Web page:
The District Court determined that these references to the UBS Stock Fund, the only fund mentioned by name in the SIP Plan Document, sufficiently established that the UBS Stock Fund was a “strongly encouraged” investment option so as to entitle the SIP fiduciaries to the presumption of prudence. It reasoned that “[S]ection 9.2 [, allowing for the addition or deletion of any Investment Fund,] does not undermine the conclusion that ․ the settlor intended to strongly encourage a fiduciary to ․ facilitate employee ownership of employer stock,” and “[a]s such, the provisions of the SIP Document provide sufficient evidence of the settlor's clear intent that the Stock Fund be offered as an investment option.” In re UBS AG ERISA Litig., 2011 WL 1344734, at *5 (citations and internal quotations omitted).
We are not similarly persuaded that the aforementioned passages from the SIP Plan Document amount to strong encouragement. The SIP, unlike the Plus Plan and the plans in Gearren and Citigroup, does not in any way require or encourage its fiduciaries to offer the UBS Stock Fund as an investment option to plan participants, as opposed to any other available investment fund. See In re Citigroup ERISA Litig., 662 F.3d at 138 (“[A] fiduciary's failure to divest from company stock is less likely to constitute an abuse of discretion if the plan's terms require—rather than merely permit—investment in company stock.”). The SIP Plan Document simply lists the UBS Stock Fund as one potential investment option, and notes that the Investment Committee ultimately did, in 2001, decide to offer the fund as an investment option to plan participants. That the SIP Plan Document also describes particular ways that dividends and voting rights accruing from the UBS Stock Fund should be distributed to plan participants does not change our conclusion. These subsections are relevant only if the Investment Committee has already made the entirely discretionary decision to add the fund as an option in the first instance.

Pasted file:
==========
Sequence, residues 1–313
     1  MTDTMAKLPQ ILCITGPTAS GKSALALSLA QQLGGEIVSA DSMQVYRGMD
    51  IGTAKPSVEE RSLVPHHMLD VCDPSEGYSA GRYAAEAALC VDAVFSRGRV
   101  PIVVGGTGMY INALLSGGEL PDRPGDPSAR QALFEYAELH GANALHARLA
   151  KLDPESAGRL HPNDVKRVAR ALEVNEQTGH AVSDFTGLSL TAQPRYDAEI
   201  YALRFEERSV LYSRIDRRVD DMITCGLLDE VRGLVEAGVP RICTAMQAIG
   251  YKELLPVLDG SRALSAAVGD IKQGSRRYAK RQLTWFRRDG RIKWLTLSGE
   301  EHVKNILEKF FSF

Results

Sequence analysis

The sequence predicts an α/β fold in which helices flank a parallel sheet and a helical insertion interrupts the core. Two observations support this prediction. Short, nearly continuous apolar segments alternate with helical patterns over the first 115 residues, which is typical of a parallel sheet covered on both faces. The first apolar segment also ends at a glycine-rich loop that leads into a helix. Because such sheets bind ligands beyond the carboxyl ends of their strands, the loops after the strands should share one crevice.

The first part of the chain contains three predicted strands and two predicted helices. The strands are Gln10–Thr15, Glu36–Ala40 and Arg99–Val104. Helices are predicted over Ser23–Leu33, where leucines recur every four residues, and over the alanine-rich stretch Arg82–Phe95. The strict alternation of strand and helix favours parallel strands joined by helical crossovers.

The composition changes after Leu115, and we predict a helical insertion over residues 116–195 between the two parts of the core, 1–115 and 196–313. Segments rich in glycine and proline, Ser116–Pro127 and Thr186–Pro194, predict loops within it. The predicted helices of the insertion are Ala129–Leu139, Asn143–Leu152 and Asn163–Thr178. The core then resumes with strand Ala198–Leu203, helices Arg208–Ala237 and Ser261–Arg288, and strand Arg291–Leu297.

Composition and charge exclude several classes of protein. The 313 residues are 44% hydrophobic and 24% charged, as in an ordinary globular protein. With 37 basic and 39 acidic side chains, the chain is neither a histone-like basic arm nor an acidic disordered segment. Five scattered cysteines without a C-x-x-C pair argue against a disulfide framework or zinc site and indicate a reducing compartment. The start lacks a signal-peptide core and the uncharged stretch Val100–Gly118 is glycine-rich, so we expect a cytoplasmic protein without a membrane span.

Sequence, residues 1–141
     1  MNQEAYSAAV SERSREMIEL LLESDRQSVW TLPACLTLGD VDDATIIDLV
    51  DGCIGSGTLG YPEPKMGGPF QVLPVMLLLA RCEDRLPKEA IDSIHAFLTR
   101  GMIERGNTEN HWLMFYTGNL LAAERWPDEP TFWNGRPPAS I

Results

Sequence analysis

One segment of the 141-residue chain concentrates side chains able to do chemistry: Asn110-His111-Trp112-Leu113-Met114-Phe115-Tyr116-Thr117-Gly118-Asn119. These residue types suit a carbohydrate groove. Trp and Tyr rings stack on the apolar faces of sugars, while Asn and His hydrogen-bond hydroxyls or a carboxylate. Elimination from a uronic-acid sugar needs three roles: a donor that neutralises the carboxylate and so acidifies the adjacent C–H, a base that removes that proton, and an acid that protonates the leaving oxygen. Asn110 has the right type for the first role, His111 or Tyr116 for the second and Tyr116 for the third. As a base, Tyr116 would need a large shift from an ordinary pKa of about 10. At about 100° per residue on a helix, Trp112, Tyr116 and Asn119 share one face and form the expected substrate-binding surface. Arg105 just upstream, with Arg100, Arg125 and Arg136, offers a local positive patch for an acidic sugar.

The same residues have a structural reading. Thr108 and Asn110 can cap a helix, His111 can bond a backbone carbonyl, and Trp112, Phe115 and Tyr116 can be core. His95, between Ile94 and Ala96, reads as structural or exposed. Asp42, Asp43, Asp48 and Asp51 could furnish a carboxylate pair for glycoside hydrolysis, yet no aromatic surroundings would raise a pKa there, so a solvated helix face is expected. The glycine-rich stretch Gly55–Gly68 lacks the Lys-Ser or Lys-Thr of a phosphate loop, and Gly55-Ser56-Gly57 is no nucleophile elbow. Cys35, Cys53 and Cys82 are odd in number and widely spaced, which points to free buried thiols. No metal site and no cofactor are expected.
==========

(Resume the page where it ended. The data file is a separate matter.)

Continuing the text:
EIAPs, of which the SIP is one, have an ERISA-recognized interest in “encourag[ing] ․ employee ownership [of the employer's stock] through the special status provided to ․ eligible individual account plans.” In re Citigroup ERISA Litig., 662 F.3d at 136. In light of this goal, it is likely that many EIAPs will, when possible, provide their fiduciaries a discretionary means by which to offer plan participants the ability to invest in the employer's stock. If the presumption of prudence was triggered in every instance where the EIAP plan document, as here, simply (1) named and defined the employer's stock in the plan document's terms, and (2) allowed for the employer's stock to be offered by the plan's fiduciaries on a discretionary basis to plan participants, then we are hard pressed to imagine that there exists any EIAP that merely offered the option to participants to invest in their employer's stock whose fiduciaries would not be entitled to the presumption of prudence.
Such an outcome contravenes our reasoning in In re Citigroup ERISA Litig. and Gearren II, and the reasoning employed by the Third Circuit in creating the presumption of prudence in the first instance. The presumption of prudence was applied in those cases to address the “tension” between “the competing ERISA values of protecting retirement assets and encouraging investment in employer stock” that exists primarily in instances where a fiduciary has an “explicit obligation to act in accordance with plan provisions” by offering employer stock to participants. In re Citigroup ERISA Litig., 662 F.3d at 136, 138–39; see also Edgar v. Avaya, 503 F.3d 340, 346 (3d Cir.2007) (noting guiding principle in trust law that “if the trust merely permits the trustee to invest in a particular stock, then the trustee's investment decision is subject to de novo judicial review.”) (internal quotation marks omitted); In re Schering–Plough Corp. ERISA Litig., 420 F.3d 231, 238 n. 5 (3d Cir.2005), amended by 2005 U.S.App. LEXIS 19862 (3d Cir. Sept. 15, 2005) (noting Moench presumption was “inapposite” where fiduciaries were “simply permitted to make investments in employer securities”) (internal quotation marks and alterations omitted); Moench, 62 F.3d at 571 (indicating presumption applies where “fiduciary presumptively is required to invest in employer securities,” but not where the fiduciary is “simply permitted to make such investments”).
Here, the tension between these competing concerns is weak at best, if not absent entirely. And, as noted, the SIP fiduciaries had no such “obligation” to offer the UBS Stock Fund. The UBS Stock Fund was one investment fund among many that the SIP Investment Committee had the discretion to offer. It was free to offer it, or not. The SIP Plan Document, particularly Section 9.2, clearly establishes that the UBS Stock Fund was to be treated no differently from any other investment fund that the SIP Investment Committee elected to offer to participants. Thus, the SIP fiduciaries should not benefit from an especial presumption that they behaved prudently merely by offering it to plan participants.